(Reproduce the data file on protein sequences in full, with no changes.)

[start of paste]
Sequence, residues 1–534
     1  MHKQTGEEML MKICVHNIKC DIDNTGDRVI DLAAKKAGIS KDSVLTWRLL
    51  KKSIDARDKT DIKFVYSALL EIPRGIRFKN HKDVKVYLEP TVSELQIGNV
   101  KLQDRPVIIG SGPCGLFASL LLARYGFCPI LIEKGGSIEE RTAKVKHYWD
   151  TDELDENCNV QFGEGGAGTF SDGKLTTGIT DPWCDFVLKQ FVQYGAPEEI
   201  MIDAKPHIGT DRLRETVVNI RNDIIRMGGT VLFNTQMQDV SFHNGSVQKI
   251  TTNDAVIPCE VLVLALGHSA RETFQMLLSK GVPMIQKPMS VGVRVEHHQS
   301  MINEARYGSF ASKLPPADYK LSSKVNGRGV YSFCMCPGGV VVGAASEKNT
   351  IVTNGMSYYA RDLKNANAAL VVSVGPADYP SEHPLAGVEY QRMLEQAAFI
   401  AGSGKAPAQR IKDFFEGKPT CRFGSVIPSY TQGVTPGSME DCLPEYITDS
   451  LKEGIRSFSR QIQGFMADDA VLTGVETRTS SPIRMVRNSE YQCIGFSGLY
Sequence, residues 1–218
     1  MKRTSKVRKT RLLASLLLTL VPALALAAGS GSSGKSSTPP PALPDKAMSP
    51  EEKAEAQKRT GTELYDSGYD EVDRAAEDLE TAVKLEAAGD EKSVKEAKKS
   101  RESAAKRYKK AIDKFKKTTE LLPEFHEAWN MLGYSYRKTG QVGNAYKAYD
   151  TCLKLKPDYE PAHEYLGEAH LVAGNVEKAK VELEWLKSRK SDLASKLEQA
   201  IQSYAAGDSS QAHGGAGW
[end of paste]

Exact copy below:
Sequence, residues 1–534
     1  MHKQTGEEML MKICVHNIKC DIDNTGDRVI DLAAKKAGIS KDSVLTWRLL
    51  KKSIDARDKT DIKFVYSALL EIPRGIRFKN HKDVKVYLEP TVSELQIGNV
   101  KLQDRPVIIG SGPCGLFASL LLARYGFCPI LIEKGGSIEE RTAKVKHYWD
   151  TDELDENCNV QFGEGGAGTF SDGKLTTGIT DPWCDFVLKQ FVQYGAPEEI
   201  MIDAKPHIGT DRLRETVVNI RNDIIRMGGT VLFNTQMQDV SFHNGSVQKI
   251  TTNDAVIPCE VLVLALGHSA RETFQMLLSK GVPMIQKPMS VGVRVEHHQS
   301  MINEARYGSF ASKLPPADYK LSSKVNGRGV YSFCMCPGGV VVGAASEKNT
   351  IVTNGMSYYA RDLKNANAAL VVSVGPADYP SEHPLAGVEY QRMLEQAAFI
   401  AGSGKAPAQR IKDFFEGKPT CRFGSVIPSY TQGVTPGSME DCLPEYITDS
   451  LKEGIRSFSR QIQGFMADDA VLTGVETRTS SPIRMVRNSE YQCIGFSGLY
Sequence, residues 1–218
     1  MKRTSKVRKT RLLASLLLTL VPALALAAGS GSSGKSSTPP PALPDKAMSP
    51  EEKAEAQKRT GTELYDSGYD EVDRAAEDLE TAVKLEAAGD EKSVKEAKKS
   101  RESAAKRYKK AIDKFKKTTE LLPEFHEAWN MLGYSYRKTG QVGNAYKAYD
   151  TCLKLKPDYE PAHEYLGEAH LVAGNVEKAK VELEWLKSRK SDLASKLEQA
   201  IQSYAAGDSS QAHGGAGW